Be a Leader, Not a Boss: PartnerPath Offers 5 Tips

These tips from PartnerPath can help transform you from a boss to a leader.

Lynn Haber

March 8, 2018

5 Min Read


Lynn Haber

Not everyone is cut out to be a boss and not everyone who is a boss makes the grade. It’s a tough job but someone’s got to do it and if you’re the one, there’s always room for improvement. For digital-service providers coping with a shortage of skilled IT professionals, research shows people join companies because of their mission and goals, but frequently leave them because of their bosses. Ouch.

Carol Giles Neslund, who last month joined PartnerPath as a principal, this week introduced herself to the company’s audience as the featured speaker on the “5 Ways to Be a Better Boss” webinar. She offered actionable ideas to help leaders and their teams be successful.

“It really boils down to this — if you want to be a better boss, be a leader, not a boss,” Neslund said. “Help your team succeed by engaging them in their work, tapping into their energy and enthusiasm for their work and for working together, and be sure that you’re energizing them and helping them understand how they can achieve and be successful in their job.”


PartnerPath’s Carol Giles Neslund

According to the oft-cited 201 Interact Report, the worst boss offenses are: not recognizing employee achievements (63 percent), not giving clear directions (57 percent), not having time to meet with employees (52 percent), refusing to talk to subordinates (51 percent), taking credit for others’ ideas (47 percent), not offering constructive criticism (39 percent), not knowing employees’ names (36 percent), refusing to talk to people on the phone/in person (34 percent), and not asking about employees’ lives outside of work (23 percent).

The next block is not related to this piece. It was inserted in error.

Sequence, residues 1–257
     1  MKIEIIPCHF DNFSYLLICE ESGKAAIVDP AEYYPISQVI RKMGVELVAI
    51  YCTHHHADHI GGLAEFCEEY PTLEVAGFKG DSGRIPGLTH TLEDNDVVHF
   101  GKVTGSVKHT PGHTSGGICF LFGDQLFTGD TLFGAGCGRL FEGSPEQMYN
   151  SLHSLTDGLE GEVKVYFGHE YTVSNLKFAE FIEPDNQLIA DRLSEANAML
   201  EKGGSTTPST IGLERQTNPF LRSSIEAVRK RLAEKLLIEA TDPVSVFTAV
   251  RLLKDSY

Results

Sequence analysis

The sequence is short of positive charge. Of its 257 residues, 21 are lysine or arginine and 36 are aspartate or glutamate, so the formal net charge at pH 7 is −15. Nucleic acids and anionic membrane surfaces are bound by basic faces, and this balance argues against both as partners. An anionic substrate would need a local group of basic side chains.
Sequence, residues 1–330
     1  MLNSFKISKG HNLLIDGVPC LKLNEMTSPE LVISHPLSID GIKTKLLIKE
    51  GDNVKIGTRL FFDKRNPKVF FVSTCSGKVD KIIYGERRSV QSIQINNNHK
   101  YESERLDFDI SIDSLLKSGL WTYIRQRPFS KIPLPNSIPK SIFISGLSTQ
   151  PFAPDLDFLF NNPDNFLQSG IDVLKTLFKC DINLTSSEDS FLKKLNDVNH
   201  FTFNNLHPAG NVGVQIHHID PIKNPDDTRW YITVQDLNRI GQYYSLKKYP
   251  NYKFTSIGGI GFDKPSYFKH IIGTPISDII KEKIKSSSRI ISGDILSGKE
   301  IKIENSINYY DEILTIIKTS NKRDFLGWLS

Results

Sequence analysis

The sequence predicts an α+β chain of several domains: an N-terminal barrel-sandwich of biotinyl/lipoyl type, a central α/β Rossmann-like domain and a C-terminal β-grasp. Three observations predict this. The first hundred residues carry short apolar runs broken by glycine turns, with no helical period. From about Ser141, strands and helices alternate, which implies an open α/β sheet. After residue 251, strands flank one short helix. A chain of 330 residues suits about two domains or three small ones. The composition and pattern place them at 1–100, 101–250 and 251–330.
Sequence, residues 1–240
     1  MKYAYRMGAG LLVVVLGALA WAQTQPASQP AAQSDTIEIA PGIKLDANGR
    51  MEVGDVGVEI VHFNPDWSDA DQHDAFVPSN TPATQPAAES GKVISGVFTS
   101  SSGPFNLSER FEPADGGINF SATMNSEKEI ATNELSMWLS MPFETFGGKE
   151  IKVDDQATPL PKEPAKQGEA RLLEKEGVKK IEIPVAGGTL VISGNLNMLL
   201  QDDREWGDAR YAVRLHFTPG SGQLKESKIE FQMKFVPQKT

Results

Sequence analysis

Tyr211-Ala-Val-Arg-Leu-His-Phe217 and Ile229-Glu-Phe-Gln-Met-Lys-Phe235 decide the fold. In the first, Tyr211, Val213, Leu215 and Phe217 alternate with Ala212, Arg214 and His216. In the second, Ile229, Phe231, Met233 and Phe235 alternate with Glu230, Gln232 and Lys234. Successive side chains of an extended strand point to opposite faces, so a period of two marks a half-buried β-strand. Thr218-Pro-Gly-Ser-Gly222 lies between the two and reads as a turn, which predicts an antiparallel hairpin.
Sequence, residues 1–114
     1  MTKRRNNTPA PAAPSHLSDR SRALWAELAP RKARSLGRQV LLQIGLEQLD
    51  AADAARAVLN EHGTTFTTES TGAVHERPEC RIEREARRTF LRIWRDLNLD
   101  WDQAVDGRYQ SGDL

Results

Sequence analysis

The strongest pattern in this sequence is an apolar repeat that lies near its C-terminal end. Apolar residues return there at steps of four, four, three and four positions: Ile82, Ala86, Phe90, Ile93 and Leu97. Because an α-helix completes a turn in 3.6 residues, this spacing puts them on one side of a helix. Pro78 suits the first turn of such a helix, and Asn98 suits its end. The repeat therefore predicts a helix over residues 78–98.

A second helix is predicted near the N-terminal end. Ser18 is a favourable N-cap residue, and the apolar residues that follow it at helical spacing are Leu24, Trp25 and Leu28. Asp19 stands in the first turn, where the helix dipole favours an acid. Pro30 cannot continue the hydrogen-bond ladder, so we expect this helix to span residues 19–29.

By contrast, here’s what leaders know how to do: communicate clear and consistent expectations; coach their teams with helpful feedback on how to succeed; demonstrate respect and express appreciation; manage consistently to get expected results; and leverage influence and power productively.

Neslund then took a deeper dive into the five ways to be a better boss, beginning with “communicate clearly and often.” That begins with having a vision for your team and being able to clarify how their work contributes to the company’s success. Another point she made is to set performance expectations that are SMART (specific, measurable, achievable, relevant and timely). Finally, a boss should be held accountable to same expectations he or she has for the team — in other words, walk the talk.

“The top performer tip for communicating clearly and often with your team is to establish a regular cadence for communicating with them,” she said. “The idea of this weekly one-on-one is to keep on top of important but not necessarily urgent matters.”

What does it mean to coach your team for success? According to Neslund, it’s about balancing positive and constructive feedback; making sure that your team has the skills, motivation and understands the urgency of …